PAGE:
Ukraine: Russia’s Draft, Setbacks Mean It’s Time for More Advanced Weapons
Kyiv’s winter wishlist includes long-range artillery, armored Humvees, kamikaze drones, and more.
Russian President Vladimir Putin’s decision to call up 300,000 reservists should prod the West to send the longer-range artillery and more technologically advanced weapons that Kyiv will need to press its advantage in the harsh winter months ahead, Ukraine’s deputy defense minister said Wednesday.
Volodymyr Havrylov’s list is topped by the ATACMS, a missile that can outrange the artillery rockets Ukraine is currently using, and fighter jets, which Washington has been reluctant to provide out of fear that Russia would escalate the nearly seven-month-old war.
“I think after today's announcement [by] Putin, we are closer to a political decision here in Washington, D.C., that Ukraine deserves and really needs to be provided with ATACMS,” Havrylov said at a conference sponsored by the National Defense Industrial Association in Austin, Texas.
Ukraine’s highly successful use of the High Mobility Artillery Rocket System, known as HIMARS, has prompted the Russians to move its ammunition depots and logistics hubs more than 100 kilometers from the front lines, Havrylov said. That places them out of the range of HIMARS.
“If we had a capability to destroy the targets of the depots to 100 kilometers [away], it would be a total disaster for Russia,” he said. “That's why we're asking for ATACMS,” which has a published range of 300 km.
U.S. officials worry that Ukraine would use long-range artillery to strike inside of Russia, which Moscow has said would draw escalation. Ukrainian officials have said they need the longer-range missiles to liberate their own territory occupied by Russian forces.
“They see it as a threat in case we use it against Russian territory. We [are] arguing that we are not going to use it against Russian territory, because we have a lot of targets on our occupied territory, including Crimea,” said Havrylov, a former major general and defense attache to the United States.
Speaking in English at the defense-contractor-heavy conference and using phrases and acronyms often used by U.S. military officials, Havrylov also called for armored Humvees; and electronic warfare, counter-drone, and anti-missile systems.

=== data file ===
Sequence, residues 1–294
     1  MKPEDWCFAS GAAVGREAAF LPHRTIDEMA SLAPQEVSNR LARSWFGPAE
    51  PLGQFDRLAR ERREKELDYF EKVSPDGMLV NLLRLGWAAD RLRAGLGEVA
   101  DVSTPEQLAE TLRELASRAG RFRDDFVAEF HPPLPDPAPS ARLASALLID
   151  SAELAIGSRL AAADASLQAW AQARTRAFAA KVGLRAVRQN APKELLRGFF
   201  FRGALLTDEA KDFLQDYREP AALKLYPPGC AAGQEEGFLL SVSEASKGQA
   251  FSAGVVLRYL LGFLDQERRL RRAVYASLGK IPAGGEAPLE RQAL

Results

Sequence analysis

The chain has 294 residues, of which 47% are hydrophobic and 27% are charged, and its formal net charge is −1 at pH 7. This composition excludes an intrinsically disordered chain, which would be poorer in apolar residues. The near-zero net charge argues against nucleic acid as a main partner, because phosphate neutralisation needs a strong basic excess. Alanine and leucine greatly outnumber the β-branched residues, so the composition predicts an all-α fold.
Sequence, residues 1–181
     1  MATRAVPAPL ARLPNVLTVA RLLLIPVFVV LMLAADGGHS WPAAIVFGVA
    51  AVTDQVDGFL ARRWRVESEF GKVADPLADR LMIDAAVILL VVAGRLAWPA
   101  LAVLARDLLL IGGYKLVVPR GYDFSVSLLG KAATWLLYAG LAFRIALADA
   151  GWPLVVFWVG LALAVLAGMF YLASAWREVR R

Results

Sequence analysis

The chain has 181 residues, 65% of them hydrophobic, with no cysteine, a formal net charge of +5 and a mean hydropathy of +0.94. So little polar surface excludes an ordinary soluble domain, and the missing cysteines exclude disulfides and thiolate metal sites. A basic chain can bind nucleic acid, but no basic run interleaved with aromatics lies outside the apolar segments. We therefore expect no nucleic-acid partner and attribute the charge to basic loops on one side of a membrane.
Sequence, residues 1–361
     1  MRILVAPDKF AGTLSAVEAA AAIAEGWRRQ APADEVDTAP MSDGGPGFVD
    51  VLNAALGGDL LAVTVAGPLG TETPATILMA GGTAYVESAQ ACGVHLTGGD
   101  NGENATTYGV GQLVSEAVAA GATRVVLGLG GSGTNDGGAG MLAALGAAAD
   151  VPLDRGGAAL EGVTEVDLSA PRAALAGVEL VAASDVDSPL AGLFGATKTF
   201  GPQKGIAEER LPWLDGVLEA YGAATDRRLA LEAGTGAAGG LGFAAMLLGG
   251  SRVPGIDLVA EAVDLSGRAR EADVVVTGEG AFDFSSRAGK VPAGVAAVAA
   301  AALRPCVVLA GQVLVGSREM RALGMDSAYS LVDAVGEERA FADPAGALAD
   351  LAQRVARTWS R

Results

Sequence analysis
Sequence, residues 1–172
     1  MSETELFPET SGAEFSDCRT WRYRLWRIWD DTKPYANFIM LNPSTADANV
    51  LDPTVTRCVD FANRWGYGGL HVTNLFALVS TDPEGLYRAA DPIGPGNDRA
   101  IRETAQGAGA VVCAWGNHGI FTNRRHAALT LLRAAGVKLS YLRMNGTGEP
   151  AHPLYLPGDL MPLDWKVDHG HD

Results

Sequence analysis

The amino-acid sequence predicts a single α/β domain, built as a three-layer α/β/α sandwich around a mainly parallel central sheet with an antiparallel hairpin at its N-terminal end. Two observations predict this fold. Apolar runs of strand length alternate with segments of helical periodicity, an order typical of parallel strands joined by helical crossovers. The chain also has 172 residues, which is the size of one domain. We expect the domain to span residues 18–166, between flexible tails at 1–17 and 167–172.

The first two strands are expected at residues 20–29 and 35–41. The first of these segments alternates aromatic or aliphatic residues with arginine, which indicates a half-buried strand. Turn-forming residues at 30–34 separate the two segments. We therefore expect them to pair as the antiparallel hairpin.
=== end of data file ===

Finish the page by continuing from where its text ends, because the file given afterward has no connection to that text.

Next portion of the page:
“This war [will] be won only through technological superiority not by numbers of people, not by numbers of artillery,” he said.
Havrylov also called for “Stinger-type air defense,” a reference to the U.S.-provided shoulder-fired rockets.
He also said Ukraine needs anti-tank weapons with a longer range than the Javelin anti-tank missile. “Javelin is okay, but it's only two-and-a-half kilometers’ range,” and Russian tanks have become careful to stay farther away, Havrylov said. “For us to reach them, we need to find something else like drones, kamikaze drones, or … anti-tank systems with a range up to six kilometers.”
He said, “We started to receive something from the United States as well,“ but did not specify what.
The U.S. has given Ukraine Phoenix Ghost drones, which can loiter before crashing into a target.
“Winter also is a window of opportunity for [our] military,” Havrylov said. With the “right armament and equipment, we can also succeed more during the wintertime.”
He added: “Some people here [in the United States] and in Europe still think that Russia is a sleeping bear. But in fact, is a frightened jackal, in a bear's skin.”
Before traveling to Austin for Wednesday’s conference, Havrylov said he met with U.S. Defense Department acquisition and policy officials, who are “very supportive.”
Ukraine also needs help maintaining battle-damaged weapons. Havrylov said the military prefers to do the repairs inside Ukraine, which he acknowledged creates a challenge. With the proper technical documentation and training, Ukrainian engineers could do some repairs.
“Our military prefers to do maintenance on the territory of Ukraine — not to send damaged equipment outside because it takes a lot of effort and time with logistics,” he said.
Early in the war, 20 to 30 percent of weapon malfunctions were caused by inadequate training, Havrylov said. At the conference, contractors discussed using conducting training over video conferencing apps. U.S. troops in Poland are currently using chat rooms to help.